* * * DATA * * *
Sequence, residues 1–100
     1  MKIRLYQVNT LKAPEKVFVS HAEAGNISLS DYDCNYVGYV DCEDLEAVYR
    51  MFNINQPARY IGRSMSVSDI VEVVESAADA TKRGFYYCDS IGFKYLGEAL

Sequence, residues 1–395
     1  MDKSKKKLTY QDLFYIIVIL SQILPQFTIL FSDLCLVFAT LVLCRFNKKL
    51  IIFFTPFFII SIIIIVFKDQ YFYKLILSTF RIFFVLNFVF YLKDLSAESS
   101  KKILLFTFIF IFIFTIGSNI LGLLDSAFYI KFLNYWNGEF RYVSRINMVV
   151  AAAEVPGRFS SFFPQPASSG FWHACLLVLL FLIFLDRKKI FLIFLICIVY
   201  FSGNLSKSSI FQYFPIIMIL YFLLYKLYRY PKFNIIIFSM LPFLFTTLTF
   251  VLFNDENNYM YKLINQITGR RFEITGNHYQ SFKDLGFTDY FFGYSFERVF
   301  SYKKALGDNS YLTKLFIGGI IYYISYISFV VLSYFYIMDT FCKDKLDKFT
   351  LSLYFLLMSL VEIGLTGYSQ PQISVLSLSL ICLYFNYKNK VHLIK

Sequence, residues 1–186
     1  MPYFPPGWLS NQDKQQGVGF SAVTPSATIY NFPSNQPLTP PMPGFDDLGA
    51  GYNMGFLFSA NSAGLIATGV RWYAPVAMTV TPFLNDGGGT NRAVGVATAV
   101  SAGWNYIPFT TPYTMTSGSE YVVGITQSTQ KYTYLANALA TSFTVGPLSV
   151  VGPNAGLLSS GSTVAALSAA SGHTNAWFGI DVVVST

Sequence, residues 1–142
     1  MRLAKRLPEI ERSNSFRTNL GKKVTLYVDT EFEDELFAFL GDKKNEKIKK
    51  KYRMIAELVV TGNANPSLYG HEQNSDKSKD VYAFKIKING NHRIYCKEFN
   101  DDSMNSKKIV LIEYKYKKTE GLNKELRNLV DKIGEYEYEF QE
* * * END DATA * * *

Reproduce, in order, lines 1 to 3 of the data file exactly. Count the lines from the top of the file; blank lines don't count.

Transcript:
Sequence, residues 1–100
     1  MKIRLYQVNT LKAPEKVFVS HAEAGNISLS DYDCNYVGYV DCEDLEAVYR
    51  MFNINQPARY IGRSMSVSDI VEVVESAADA TKRGFYYCDS IGFKYLGEAL